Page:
Interested in how married people seem to understand each other without words, Chen and colleagues recruited couples, then used armpit pads to collect sweat from each individual in different emotional states: fearful, happy, sexual or neutral. Next, individuals blindly judged the sweat samples of their partner as well as the opposite-sex strangers in the group. The study found that individuals were significantly more accurate in distinguishing their partner’s emotional sweat from his or her neutral sweat than they were in distinguishing the emotional sweat of a stranger. And their accuracy was directly related to how long they had been in the relationship.

The article suggests that humans give off chemical messages as a result of sweating throughout the day. Should this be surprising? Not really, research conducted a few years back found that sweat did indeed contain more than just water–including metabolites and other chemicals. If one takes a step back and just thinks about him/herself and their own various body scents during a given occasion (sex, stress, various emotional states, etc.) none of this should be surprising. How many people just avoid thinking about the topic all together and just hit the stick of deodorant for a ‘freshen up’ application layer? I know that I do occasionally during various moods to hide the chemical language that I am giving off.

At first glance what surprised me most was that my wife could distinguish (according to the study in the article) various moods by my odor. Of course, she has other indicators through other senses (visual and audio) that completes her assessment of her experiment. I started to think back to various time points in our relationships when I remembered distinct smells and tried to remember if I could have correlated that odor with a mood. As a disclaimer–I would not suggest starting to collect your spouse’s or partner’s clothing after various moods and writing observations down–as this act might raise a ‘red flag.’ I simply did a thought experiment with no actual verification on my own wife–just to clarify.

The last sentence of the above excerpt (second one) makes logical sense in that humans form memories of observation (of all the senses) at various times in our relationship. Further, the more we reinforce a given scent with a mood–(length of time in a relationship)–the easier it should be able to identify the scent. If you have ever gone wine tasting, your ability to distinguish scents is extremely powerful–even when scents are masked. With this last sentence in mind, I was led to think of a recent article that I read in the Journal ‘Science’ a couple of months ago. The research was concerning the span of odors that make up the range of the human olfactory system. How many different odors can humans distinguish between? And does this number have any correlation with the above statements regarding differentiation between spouse’s moods based on odor exlusively?

How Many Smells Can Humans Differentiate Between?

The human olfactory system is differs greatly from the other senses (visual and audio) in the range of differentiation of various smells. Recently, the realization has been researched into more depth by scientists in the United States and Europe in a collaborative effort as highlighted in a recent article in the Journal ‘Science’. The title of the article is "Humans Can discriminate More Than 1 Trillion Olfactory Stimuli". To really absorb the methodology of the experimental research, I would suggest pouring over the paper itself. In the article, the authors distinguish–quite coherently–the difference in between the various senses in terms of the range of the human sensory system (visual, audio, and odor). Here is an excerpt from the beginning, defining the problem:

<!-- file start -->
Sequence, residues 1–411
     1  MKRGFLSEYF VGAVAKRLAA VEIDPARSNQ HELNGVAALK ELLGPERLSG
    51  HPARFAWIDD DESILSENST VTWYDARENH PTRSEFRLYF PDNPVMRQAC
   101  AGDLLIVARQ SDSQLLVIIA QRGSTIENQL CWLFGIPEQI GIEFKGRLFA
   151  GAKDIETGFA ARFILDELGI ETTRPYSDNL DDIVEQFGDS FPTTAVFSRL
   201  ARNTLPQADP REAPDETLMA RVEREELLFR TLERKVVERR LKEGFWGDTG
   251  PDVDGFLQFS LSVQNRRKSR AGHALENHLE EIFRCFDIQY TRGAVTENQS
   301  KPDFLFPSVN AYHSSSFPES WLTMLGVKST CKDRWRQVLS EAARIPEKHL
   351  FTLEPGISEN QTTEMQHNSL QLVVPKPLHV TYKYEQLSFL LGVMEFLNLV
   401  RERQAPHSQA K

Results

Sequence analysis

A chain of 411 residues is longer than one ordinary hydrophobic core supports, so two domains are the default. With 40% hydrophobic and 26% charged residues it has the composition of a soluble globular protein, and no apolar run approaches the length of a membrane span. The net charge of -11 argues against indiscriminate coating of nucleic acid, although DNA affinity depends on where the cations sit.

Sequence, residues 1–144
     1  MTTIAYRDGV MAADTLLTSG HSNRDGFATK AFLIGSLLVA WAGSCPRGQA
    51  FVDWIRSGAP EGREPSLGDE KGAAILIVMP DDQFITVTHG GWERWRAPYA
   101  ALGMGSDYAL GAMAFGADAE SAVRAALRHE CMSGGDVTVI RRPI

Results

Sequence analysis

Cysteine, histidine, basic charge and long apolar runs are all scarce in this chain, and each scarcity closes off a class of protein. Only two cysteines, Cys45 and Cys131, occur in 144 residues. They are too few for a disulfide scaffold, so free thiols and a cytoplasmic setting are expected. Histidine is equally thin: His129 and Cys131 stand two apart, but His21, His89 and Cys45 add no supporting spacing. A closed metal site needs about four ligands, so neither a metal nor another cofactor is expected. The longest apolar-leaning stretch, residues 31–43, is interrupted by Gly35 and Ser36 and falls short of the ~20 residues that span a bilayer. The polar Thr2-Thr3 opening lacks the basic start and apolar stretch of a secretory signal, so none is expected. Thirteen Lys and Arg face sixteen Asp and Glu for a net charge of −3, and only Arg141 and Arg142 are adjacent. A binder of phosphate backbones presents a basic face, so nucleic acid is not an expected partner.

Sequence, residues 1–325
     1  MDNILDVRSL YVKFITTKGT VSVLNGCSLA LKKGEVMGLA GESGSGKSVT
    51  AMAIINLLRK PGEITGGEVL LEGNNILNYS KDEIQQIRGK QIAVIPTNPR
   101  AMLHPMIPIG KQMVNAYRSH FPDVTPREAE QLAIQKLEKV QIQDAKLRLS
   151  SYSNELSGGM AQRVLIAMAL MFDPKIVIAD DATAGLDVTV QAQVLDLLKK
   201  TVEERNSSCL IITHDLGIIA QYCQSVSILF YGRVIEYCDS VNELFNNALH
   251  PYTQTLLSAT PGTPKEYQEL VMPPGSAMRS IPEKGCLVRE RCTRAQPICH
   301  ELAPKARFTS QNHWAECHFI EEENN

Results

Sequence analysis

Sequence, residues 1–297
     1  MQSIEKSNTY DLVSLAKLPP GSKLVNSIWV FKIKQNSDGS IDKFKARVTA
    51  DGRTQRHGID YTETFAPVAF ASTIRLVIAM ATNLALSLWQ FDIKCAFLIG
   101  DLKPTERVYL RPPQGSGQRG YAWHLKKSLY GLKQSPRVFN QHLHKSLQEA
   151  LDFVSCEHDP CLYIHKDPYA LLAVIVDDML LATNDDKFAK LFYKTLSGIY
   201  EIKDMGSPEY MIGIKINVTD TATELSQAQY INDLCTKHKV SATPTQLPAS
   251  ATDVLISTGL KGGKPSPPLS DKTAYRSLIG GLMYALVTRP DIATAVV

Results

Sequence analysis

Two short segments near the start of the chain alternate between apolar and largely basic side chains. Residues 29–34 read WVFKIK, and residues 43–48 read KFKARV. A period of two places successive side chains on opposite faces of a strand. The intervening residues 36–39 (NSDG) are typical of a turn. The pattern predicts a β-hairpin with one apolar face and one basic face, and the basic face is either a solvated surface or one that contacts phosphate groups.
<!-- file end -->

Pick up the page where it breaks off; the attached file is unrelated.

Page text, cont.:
To determine how many stimuli can be discriminated, one must know the range and resolution of the sensory system. Color stimuli vary in wavelength and intensity. Tones vary in frequency and loudness. We can therefore determine the resolution of these modalities along those axes and then calculate the number of discriminable tones and colors from the range and resolution. Humans can detect light with a wavelength between 390 and 700 nm and tones in the frequency range between 20 and 20,000 Hz. Working within this range, researchers carried out psychophysical experiments with color or tone discrimination tasks in order to estimate the average resolution of the visual and auditory systems. From these experiments, they estimated that humans can distinguish between 2.3 million and 7.5 million colors (1, 2) and ~340,000 tones (3). In the olfactory system, it is more difficult to estimate the range and resolution because the dimensions and physical boundaries of the olfactory stimulus space are not known. Further, olfactory stimuli are typically mixtures of odor molecules that differ in their components. Therefore, the strategies used for other sensory modalities cannot be applied to the human olfactory system. In the absence of a straightforward empirical approach, theoretical considerations have been used to estimate the number of discriminable olfactory stimuli. An influential study from 1927 posited four elementary odor sensations with sufficient resolution along those four dimensions to allow humans to rate each elementary sensation on a nine-point scale (4). The number of discriminable olfactory sensations was therefore estimated to be 94 or 6561 (4). This number was later rounded up to 10,000 and is widely cited in lay and scientific publications (5–7). Although this number was initially calculated to reflect how many olfactory stimuli humans can discriminate, it has also sometimes been used as the number of different odor molecules that exist, or the number of odor molecules that humans can detect. We carried out mixture discrimination testing to determine a lower limit of the number of olfactory stimuli that humans can discriminate.